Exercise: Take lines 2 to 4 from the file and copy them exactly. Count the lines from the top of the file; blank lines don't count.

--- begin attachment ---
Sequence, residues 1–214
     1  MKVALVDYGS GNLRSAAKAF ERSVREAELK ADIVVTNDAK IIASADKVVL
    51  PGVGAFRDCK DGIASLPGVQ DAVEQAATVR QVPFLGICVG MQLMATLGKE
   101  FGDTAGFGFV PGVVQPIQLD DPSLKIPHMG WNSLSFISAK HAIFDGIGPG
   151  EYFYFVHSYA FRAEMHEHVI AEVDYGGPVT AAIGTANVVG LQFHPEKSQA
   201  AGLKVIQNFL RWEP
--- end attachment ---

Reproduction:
     1  MKVALVDYGS GNLRSAAKAF ERSVREAELK ADIVVTNDAK IIASADKVVL
    51  PGVGAFRDCK DGIASLPGVQ DAVEQAATVR QVPFLGICVG MQLMATLGKE
   101  FGDTAGFGFV PGVVQPIQLD DPSLKIPHMG WNSLSFISAK HAIFDGIGPG